Terror Suspect Confesses Plans to Attack President, U.S. Capitol for ISIS

AP Photo/Butler County Jail
AP Photo/Butler County Jail

A 20-year-old man who planned to murder the president and attack the U.S. Capitol with pipe bombs confessed he made the plans in sympathy with ISIS. In an interview from jail, he warned that the group has followers in every state and claimed additional attacks are on the way.

Chris Cornell was arrested by the FBI in January when he tried to purchase two semi-automatic rifles and 600 rounds of ammunition at a gun store in Ohio. Last week, Cornell called local TV news station FOX19 from prison and gave an hour-long interview in which he described his plans for the foiled attack on the U.S. government. “I would have took my gun, I would have put it to Obama’s head, I would have pulled the trigger,” Cornell said. He added, “Then I would unleash more bullets on the Senate and House of Representative members, and I would have attacked the Israeli embassy and various other buildings.”

Reporter Tricia Macke, who interviewed Cornell for FOX19 asked what was coming next now that Cornell’s planned attack had failed. “What I think is coming? Many things. There will be indeed many, many attacks,” Cornell claimed. Asked how organized the Islamic State was in America, Cornell replied, “We are indeed here in America. We are in each and every state.” Later in the interview, Cornell added, “We’re in Texas. We’re in Ohio. We’re in New York City. We’re in Washington DC.”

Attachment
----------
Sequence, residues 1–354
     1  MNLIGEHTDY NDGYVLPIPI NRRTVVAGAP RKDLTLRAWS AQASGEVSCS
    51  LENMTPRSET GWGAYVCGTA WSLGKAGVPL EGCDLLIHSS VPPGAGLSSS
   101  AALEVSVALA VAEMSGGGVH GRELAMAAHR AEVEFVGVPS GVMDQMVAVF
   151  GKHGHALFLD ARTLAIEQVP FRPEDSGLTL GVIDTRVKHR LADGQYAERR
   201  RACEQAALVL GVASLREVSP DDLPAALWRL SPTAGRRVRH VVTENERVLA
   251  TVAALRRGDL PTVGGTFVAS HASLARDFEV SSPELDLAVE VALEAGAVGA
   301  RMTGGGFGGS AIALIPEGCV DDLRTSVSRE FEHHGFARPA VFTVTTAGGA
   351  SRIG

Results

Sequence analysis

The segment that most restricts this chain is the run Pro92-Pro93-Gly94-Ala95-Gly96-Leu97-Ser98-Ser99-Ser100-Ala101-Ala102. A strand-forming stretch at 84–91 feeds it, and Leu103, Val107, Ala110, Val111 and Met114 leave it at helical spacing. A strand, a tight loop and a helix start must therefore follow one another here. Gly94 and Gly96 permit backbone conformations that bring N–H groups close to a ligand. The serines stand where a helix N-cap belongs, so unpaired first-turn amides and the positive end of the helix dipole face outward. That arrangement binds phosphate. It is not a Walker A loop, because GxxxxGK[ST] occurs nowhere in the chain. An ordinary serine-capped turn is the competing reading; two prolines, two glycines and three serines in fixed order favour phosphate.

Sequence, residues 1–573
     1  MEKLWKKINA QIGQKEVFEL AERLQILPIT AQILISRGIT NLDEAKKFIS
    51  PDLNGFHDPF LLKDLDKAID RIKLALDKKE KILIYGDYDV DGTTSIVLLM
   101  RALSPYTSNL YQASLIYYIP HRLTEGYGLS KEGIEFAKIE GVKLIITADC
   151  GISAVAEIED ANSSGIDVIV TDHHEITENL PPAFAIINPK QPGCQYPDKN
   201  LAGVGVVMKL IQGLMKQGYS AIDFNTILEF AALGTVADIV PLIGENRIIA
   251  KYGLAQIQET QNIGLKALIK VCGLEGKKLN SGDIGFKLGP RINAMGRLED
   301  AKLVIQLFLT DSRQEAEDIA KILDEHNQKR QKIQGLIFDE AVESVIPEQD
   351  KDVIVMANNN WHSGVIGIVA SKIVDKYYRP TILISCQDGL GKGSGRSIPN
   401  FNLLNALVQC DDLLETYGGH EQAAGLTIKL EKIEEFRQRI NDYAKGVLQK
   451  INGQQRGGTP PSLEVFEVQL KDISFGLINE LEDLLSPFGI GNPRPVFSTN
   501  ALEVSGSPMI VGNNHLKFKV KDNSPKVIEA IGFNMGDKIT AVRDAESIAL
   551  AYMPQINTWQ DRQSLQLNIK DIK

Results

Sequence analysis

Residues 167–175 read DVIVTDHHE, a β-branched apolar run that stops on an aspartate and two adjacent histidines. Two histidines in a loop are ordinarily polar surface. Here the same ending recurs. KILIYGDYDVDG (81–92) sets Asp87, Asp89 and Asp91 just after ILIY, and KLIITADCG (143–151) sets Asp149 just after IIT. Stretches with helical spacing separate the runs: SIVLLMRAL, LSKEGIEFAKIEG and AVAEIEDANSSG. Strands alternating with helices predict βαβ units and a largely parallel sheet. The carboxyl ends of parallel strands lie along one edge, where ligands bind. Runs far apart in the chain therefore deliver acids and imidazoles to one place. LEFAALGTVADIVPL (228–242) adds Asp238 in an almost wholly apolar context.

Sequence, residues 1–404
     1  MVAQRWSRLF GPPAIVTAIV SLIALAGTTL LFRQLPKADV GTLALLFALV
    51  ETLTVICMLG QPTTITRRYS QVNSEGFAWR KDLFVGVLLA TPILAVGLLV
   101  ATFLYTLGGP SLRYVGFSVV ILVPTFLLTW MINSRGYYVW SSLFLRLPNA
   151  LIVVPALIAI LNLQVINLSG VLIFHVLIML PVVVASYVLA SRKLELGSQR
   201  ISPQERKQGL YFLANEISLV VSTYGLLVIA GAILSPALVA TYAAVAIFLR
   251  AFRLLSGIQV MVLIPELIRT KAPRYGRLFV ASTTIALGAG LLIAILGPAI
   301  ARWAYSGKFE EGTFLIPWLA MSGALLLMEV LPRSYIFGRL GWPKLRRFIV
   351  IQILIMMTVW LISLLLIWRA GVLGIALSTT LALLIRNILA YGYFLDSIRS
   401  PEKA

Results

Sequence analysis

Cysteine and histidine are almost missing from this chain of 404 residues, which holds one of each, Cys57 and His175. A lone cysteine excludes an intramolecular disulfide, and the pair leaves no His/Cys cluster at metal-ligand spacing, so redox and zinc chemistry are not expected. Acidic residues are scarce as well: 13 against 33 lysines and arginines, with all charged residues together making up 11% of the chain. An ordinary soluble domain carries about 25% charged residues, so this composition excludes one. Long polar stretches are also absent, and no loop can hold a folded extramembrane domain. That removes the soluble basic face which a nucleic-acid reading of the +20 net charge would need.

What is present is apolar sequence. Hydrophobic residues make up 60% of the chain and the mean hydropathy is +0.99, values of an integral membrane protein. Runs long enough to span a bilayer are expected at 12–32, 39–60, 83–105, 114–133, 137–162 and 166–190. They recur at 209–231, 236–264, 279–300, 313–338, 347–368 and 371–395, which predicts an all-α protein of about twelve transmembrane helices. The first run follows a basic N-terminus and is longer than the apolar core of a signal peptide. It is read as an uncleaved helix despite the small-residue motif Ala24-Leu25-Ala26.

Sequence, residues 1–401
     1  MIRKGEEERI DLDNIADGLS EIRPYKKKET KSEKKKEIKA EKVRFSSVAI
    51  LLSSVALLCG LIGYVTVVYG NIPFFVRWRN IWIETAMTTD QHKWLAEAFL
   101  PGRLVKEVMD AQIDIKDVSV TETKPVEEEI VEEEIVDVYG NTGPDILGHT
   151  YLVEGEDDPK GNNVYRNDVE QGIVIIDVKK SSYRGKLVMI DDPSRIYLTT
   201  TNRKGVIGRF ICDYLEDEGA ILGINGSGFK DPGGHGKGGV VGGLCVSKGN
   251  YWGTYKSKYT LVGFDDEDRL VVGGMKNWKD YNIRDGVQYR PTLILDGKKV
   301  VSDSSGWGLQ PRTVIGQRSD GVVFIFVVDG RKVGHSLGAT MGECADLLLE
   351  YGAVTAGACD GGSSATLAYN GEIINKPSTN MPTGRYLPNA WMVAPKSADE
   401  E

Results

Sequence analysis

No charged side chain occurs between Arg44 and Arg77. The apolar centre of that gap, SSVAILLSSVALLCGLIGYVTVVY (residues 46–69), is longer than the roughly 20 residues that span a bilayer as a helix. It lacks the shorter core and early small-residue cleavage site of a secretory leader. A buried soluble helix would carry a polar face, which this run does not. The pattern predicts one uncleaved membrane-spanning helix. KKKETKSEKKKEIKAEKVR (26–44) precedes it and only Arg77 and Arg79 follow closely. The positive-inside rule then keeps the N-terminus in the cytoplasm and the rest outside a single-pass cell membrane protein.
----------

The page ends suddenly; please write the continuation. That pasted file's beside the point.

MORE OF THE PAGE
Cornell, who went by the name Raheel Mahrus Ubaydah online, expressed sympathy for ISIS on social media last year. According to court documents, Cornell contacted a man he believed to be sympathetic to ISIS via his Twitter account in August. That person was in fact cooperating with the FBI. The two met, and Cornell showed the informant his plans to attack the U.S. Capitol with pipe bombs as well as his research into how to build the bombs.

In the interview with FOX19 and in his meetings with the FBI informant, Cornell claims he was in contact with jihadists overseas using an encrypted messaging service. However it was not clear that Cornell had been given any specific instructions for the planned attack on the Capitol. Instead, Cornell told the informant, “we should just wage jihad under our own orders and plan attacks and everything.”

Cornell’s defense attorney attempted to prevent the interview with FOX19 from airing. He filed a motion claiming that reporter Tricia Macke had violated a court order by being in contact with Cornell without his attorney’s approval. However, the judge ruled the original court order was “ambiguous” and said Cornell’s First Amendment right to speak could not be infringed. FOX19 aired the interview on Friday after the decision was made.


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